High on the list of products restricted and strictly controlled are chemicals, as they are publicly perceived to be substances that are likely to be toxic to the environment and to human life.
“Some well-known examples of restricted substances are lead, BPAs, PFAs, phthalates, and more,” explains Renaud Anjoran, a supply chain management expert who specialises in import/export from Asia to Europe. “For example, they cause cancer, reproductive damage, and other diseases, and/or they do not degrade once in the environment (including in our bodies).”
It is therefore essential for every chemical supplier, importer, trader, or manufacturer to take great care in ensuring compliance with EU legislation.
Failing to adhere to these regulations will make a product non-compliant, and as such may be withdrawn from the market, have its import blocked at the border, or may be recalled from consumers (even after the final sale). Products may then have to be exported, reworked, or destroyed.
Most Common Failings for Importers
“The most common recalls on products found in our study, were for non-compliance with REACH,” explains quality control specialist Fredrik Grönkvist of Compliancegate.com, “but in most cases, the importers were required to stop marketing and selling the products rather than the products being recalled from consumers.”
Examples of non-compliance include jewellery with a high level of cadmium (a cancer-causing metal often used as an alloy) and gloves which contain a plastic coating with a high level of phthalates (a common plasticizer used to make plastics softer to touch, but also responsible for reproductive damage).
Grönkvist stated that the products which are most frequently pulled up as being non-compliant of EU chemical regulations are jewellery and home textiles. However, domestic electrical appliances are regularly held up at the border as they fail to meet standards for RoHS and POPS regulations.
To learn more about how to import products or chemical raw materials into Europe, read: EU Chemical Rules: The Four Most Significant Directives
“The non-compliances found are probably because market surveillance authorities focus on the regulation/s relevant to specific product categories,” says Grönkvist. “For example, they know that electronics are regulated by RoHS, so they may open up electronics they deem risky and check the welding for lead. If lead is found, the product likely fails RoHS compliance. They may also know that, in their area at least, they’ve been seeing problems with a specific type of product more frequently and are therefore likely to pay them special attention.”
That said, very few products fail to meet standards, as most chemical suppliers or manufacturers are wise enough to check the relevant documentation before importing begins. For this reason, in the past 12 months, only 14 substances have been recalled from the EU market due to chemical regulatory breaches. Most of these were due to products containing phthalates, especially in toys and bags.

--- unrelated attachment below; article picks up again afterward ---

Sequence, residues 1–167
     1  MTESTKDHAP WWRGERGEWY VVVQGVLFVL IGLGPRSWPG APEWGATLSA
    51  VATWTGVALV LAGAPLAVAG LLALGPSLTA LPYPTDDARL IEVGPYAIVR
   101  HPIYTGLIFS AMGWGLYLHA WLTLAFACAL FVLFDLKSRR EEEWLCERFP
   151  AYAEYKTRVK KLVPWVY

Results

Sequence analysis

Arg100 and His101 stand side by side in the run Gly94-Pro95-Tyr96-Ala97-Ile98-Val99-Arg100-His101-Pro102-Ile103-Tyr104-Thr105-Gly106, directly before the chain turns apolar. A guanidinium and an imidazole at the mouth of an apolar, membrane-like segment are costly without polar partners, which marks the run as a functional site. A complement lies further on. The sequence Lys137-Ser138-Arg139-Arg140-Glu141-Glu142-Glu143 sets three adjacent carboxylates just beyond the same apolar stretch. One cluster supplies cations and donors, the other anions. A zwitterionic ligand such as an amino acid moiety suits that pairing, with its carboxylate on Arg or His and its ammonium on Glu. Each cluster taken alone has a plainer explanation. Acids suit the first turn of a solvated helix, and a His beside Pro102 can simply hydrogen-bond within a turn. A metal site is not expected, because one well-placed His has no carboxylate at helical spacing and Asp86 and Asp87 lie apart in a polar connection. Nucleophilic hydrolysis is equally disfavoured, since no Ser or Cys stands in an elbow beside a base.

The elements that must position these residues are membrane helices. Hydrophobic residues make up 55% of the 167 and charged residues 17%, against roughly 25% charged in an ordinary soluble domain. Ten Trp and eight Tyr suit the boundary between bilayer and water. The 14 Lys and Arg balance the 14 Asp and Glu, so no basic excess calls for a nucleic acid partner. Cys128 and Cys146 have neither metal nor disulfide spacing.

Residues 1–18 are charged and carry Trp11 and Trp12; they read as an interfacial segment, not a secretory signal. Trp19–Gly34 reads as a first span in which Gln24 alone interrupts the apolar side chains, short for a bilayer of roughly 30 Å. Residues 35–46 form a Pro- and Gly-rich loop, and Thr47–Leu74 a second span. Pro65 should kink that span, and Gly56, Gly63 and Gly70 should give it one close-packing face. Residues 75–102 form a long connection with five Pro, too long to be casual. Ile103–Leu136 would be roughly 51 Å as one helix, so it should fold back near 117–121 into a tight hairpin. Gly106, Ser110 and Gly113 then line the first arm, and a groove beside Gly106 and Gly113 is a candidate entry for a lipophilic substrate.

Top Tips for Importers to Avoid EU Chemical Regulation Breaches.
1. Request compliance documentation from potential suppliers.
Ask the supplier to provide evidence of compliance, such as pre-existing test results for past items they've sold or produced.
2. Obtain or draw up a bill of materials.
Requesting or creating a list of all the items (and their composite parts/raw materials) will allow for a clearer risk assessment and analysis of what directives and regulations need to be checked.
3. Contract conditions.
Make sure that both the supplier and the purchaser understand who will be responsible for ensuring regulatory compliance. Costs for lab testing can be shared, but it is wise to withhold final payments until products have the correct paperwork to pass import controls.
4. Avoid assumptions.
Do not presume that a supplier will produce your items in accordance with those regulations even if they have a solid track record of doing so. Be absolutely clear with the manufacturer and ensure that it is written in the contract in an enforceable way that compliance is part of the deal.
To put this advice in a nutshell, importers of chemicals or manufactured products containing chemicals need to stay well informed of the rules as well as maintain excellent communication with those involved in the import process.
The chemical industry is one of the most restricted parts of the economy. A vital sector for business, but also one that is filled with a minefield of safety requirements and policy. Staying on top of the ever-changing rules is never easy, however it is an essential part of importing, exporting, and manufacturing.
While failing to do so rarely results in legal action against companies or individuals, the delays, returns, recalls, and possible product destruction are all expensive outcomes. Clearly the message to be learnt is adhere to the rules or suffer the consequences. You have been warned!